Call for Proposals: International Conference on the Global Anthropocene
Anthropocene, a geological period describing the veritable impact of human activities in the planet’s ecosystem, has become a primary concern among the members of the academic community. Anthropocene does not only involve the individual or the communal, but it transcends beyond the complex relations of both the living and the non-living, thus, forming a new reality (Harrington 2016, p. 4). The study of Anthropocene is no stranger to IR since its scholars examine “how humanity deals with the challenges of sharing a singular and finite space” (Olaf as mentioned in Simangan, 2020). A case in point is the COVID-19 pandemic; it has exposed humans’ excessive use of earth resources beyond its limits affecting the normal ecological flow and life in the international system. However, mainstream IR scholarship—realism for example—reiterated that human excessive use of the planet’s resources serves an important mechanism as a response to pandemic and to maintain a global order. The closing of state border, imposition of hardline immigration policies, polity’s mistrust on world bodies, etc., are some of the realist points. In contrast, liberals emphasized the role of cooperation among states amidst crises such as the COVID-19 pandemic. Nonetheless, the pandemic’s multiple facets were subjected to numerous scientific and socio-political contestations among IR actors, and such disputes relegated the pandemic as a merely dependent variable. Evaluation of the Anthropocene approach is highly needed. Going beyond the humanist approach, Anthropocene is seeking “for newer approaches of thinking about humanity’s connection to nature” (Lovbrand et al, 2020; Hamilton, 2017; Scanton 2015) by tethering the fates of both humanity and the planet (Lovbrand et al, 2020; Biermann and Lovbrand, 2019; Hamilton et al., 2015; Steffen et al., 2011). To meet the demands of the Anthropocene, it needs a deconstruction and reconstruction of conventional frameworks (Simangan, 2020).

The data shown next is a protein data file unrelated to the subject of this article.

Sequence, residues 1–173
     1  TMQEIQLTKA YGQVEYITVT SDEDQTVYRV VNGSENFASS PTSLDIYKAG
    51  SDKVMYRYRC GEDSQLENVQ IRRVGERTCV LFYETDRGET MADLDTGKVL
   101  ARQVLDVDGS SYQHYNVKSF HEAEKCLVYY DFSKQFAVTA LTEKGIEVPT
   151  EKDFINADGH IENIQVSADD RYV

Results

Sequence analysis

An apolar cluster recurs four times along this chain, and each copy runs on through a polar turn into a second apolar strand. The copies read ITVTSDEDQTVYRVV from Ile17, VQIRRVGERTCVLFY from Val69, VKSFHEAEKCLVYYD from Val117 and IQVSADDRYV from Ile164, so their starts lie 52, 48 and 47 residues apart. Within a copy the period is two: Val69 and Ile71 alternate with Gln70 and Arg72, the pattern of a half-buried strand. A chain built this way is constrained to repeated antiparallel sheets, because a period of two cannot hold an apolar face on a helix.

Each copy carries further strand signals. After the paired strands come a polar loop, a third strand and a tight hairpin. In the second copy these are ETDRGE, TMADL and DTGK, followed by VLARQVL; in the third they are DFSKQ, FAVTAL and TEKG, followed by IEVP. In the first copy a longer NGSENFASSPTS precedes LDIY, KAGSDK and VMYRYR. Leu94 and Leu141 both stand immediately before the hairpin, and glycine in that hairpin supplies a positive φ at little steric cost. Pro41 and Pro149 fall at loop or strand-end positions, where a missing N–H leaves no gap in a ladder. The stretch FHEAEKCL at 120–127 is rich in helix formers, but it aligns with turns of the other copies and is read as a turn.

The #PHISO2021 Free Virtual International Conference on Global Anthropocene—to be held on November 6-7, 2021—is an attempt to bring scholars, practitioners, and students in the discussion of opportunities and challenges regarding the Anthropocene approach to IR (or human-nonhuman relations). We, therefore, encourage paper presentations, panels, and roundtables that are hinged on, but not limited to, the discussions on Anthropocene in IR or IR in the Anthropocene:
- Adopting the questions raised by Lovbrand et al, who speaks for the future of the earth? And whose Anthropocene?
- How can we reconcile the unsustainable production from the insurmountable consumption while we preserve life?
- How do global structures impact global, regional, and local levels in influencing sustainable initiatives and development?
- How do governance processes, institutions, and decision-making infrastructure address the fundamental 21st challenges of global environmental change?
- How do we bolster the understanding of indigenous or decolonial agency, human-nature entanglements, and differentiated vulnerabilities in relation to the Anthropocene and IR?
- How do we locate Anthropocene in the Western-based of and modernist approach to IR?
- How do we situate the position of ideas and belief systems present among civilizations, including the role of humanity, in the Anthropocene?
- How has the discourse on mobility relates to Anthropocene and the political in IR?
- How security studies treat the Anthropocene epoch phenomenon?